Disability Advocates/Consultants of South Texas

What's New/News:                                             Vol. 2, Issue 4


Insect bites can be the source of serious problems for the disabled especially those who lack full mobility. For those individuals whose bodies do not have full-functioning immune systems, insect bites can spread infection and cause diseases which the body is not able to fight. Insect bites may merely provide an annoyance to those who cannot scratch the bites. However, for those individuals with allergies to bites, insects can be instant killers. Individuals with diabetes may develop infections also. For all of these reasons and many more, I would recommend doing whatever is necessary and safe to keep the bug population down around the living areas of those individuals with disabilities who may be sensitive to insect bites. Not being able to scratch or relieve the pain is not an enviable position either. Let’s be sensitive to the needs of our friends, relatives and charges with disabilities.

On the other hand, we all need to be aware of sensitivities to insecticides. Some individuals with disabilities cannot tolerate the chemicals. I would recommend good medical intervention and advice for those individuals who cannot tolerate the chemicals and the insects.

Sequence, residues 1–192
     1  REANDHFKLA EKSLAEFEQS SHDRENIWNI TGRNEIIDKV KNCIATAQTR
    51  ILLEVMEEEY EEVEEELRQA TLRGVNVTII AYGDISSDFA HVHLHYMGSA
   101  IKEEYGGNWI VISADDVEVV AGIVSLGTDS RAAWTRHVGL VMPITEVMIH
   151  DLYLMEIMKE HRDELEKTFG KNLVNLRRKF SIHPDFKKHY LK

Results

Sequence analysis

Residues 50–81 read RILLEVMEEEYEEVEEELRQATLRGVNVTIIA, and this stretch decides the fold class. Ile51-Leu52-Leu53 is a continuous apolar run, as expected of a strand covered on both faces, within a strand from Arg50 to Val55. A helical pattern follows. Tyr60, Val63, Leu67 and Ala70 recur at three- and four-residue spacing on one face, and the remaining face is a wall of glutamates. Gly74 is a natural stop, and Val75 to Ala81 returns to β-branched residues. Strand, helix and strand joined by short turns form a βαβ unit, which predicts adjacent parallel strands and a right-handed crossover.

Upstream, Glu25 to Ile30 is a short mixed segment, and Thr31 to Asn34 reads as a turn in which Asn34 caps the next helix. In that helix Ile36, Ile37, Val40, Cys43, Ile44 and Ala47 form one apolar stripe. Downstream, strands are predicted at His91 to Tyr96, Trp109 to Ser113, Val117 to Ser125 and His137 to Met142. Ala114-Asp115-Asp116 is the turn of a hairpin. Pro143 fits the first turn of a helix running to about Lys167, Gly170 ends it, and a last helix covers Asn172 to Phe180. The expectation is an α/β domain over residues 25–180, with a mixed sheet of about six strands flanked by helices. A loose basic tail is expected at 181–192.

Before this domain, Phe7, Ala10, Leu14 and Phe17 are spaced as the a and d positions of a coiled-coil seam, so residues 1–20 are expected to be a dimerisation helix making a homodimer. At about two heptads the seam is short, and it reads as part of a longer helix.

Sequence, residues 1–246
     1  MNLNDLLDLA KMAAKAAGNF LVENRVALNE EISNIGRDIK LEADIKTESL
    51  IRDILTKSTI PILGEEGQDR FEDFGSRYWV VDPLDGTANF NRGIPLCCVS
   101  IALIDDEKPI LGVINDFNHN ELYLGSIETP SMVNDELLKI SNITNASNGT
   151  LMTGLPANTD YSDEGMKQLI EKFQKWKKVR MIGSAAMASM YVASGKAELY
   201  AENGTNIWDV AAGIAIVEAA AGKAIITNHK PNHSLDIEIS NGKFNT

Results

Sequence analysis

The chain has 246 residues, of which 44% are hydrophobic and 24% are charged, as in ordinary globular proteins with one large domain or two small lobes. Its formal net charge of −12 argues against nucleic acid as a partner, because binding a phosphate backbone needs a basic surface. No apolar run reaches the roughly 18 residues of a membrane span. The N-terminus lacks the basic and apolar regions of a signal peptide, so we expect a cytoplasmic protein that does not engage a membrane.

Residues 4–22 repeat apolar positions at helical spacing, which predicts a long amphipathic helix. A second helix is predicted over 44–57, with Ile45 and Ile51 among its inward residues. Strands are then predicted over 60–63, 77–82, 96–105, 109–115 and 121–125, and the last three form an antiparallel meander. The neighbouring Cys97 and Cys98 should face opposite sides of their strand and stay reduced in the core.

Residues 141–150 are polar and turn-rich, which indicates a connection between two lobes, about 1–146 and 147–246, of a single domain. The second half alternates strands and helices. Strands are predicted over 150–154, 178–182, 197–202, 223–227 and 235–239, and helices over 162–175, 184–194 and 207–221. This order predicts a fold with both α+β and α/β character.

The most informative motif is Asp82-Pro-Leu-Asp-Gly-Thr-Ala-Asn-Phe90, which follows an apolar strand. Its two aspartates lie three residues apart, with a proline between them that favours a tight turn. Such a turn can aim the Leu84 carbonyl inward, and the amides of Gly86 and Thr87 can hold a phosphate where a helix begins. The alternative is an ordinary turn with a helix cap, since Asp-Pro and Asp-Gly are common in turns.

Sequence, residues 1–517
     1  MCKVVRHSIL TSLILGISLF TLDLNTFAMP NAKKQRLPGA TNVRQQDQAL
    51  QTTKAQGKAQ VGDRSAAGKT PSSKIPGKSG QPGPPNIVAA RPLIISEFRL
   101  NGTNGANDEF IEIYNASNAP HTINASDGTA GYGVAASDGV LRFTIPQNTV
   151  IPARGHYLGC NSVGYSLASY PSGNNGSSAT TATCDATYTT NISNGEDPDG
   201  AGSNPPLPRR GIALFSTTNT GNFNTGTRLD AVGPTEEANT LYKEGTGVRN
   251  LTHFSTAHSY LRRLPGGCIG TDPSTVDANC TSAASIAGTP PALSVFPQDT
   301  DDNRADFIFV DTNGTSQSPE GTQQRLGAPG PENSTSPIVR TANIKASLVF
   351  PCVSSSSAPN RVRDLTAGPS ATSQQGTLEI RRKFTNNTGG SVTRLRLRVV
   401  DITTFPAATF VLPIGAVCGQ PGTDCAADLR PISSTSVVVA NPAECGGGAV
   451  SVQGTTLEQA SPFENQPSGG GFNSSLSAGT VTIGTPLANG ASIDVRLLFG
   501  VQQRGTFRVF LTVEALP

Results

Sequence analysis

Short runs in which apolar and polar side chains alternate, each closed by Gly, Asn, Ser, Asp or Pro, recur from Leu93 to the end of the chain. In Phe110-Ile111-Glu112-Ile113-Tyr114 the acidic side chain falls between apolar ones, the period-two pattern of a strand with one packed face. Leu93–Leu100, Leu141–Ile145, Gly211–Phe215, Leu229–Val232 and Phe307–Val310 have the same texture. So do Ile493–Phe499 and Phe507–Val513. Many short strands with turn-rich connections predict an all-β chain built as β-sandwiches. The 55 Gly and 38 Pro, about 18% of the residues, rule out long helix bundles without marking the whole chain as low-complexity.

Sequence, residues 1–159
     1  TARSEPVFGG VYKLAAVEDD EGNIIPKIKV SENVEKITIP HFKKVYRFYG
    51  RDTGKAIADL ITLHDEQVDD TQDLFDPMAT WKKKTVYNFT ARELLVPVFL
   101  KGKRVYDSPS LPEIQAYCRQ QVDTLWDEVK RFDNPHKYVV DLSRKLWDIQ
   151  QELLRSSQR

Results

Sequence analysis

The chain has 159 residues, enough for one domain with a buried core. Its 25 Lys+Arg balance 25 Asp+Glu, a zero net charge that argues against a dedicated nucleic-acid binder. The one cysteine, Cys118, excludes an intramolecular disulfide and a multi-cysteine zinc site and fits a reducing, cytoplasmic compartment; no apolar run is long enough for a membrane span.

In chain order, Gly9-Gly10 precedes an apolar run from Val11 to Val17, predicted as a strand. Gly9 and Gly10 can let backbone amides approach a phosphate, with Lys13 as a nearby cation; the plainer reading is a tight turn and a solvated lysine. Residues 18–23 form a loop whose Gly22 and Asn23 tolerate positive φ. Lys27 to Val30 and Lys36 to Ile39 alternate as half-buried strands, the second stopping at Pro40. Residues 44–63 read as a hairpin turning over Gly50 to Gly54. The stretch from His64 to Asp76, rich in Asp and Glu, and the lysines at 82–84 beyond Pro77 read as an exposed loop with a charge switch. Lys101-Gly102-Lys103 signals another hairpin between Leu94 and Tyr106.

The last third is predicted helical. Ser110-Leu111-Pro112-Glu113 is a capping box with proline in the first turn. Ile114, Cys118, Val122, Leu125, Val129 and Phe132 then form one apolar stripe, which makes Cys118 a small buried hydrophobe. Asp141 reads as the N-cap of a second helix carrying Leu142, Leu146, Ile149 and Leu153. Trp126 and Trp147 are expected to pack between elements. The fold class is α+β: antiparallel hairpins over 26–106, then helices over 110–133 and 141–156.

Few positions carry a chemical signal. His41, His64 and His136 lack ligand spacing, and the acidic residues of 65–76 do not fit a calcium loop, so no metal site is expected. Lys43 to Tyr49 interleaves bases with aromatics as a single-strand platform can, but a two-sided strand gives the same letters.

Get It in Writing!

My law school experience has provided me with a sobering reminder to get everything in writing. I applied to the University I attend because of all the programs they offered in their glossy Bulletin (without mentioning the limitations to enrollment in those programs). One program especially convinced me that this school was the only one to attend and I was fully qualified for it. The law school has two and a half years of my money and guess how many of those wonderful programs I have had access to--none. Even I can be fooled.

So my warning to you in dealing with bureaucracies and administrative agencies including school districts, hospitals, rehabilitation centers, etc. Get the guarantees in writing. Some of these places will promise you the sun, the moon and the stars for your insurance money or, in the case of schools, to get you off their backs. Do not believe anything that is not in black and white and signed.

I worked with a child not too long ago whose mother was furious about the treatment her child was receiving from the school the youngster attended. The mother must have spent hours ranting about the terrible program the child received. However, when I sat down and read the Individual Education Plan for that child, I could find nothing that the school was doing wrong. In fact, the school followed the plan to the letter. The mother had agreed to the plan and even signed it. She had no one to complain about other than herself. The mother had allowed herself to accept a program with which the mother really disagreed. (Of course, the solution was simple. Another Individual Education Plan could be developed with which the mother and the school concurred.)

The moral of the story is, when dealing with a school district, agency--Get Everything in Writing. Make sure you agree with the plan. Read the fine print. If you are not sure, contact an attorney or someone who knows the system well. Try not to be like me and learn this lesson the hard way.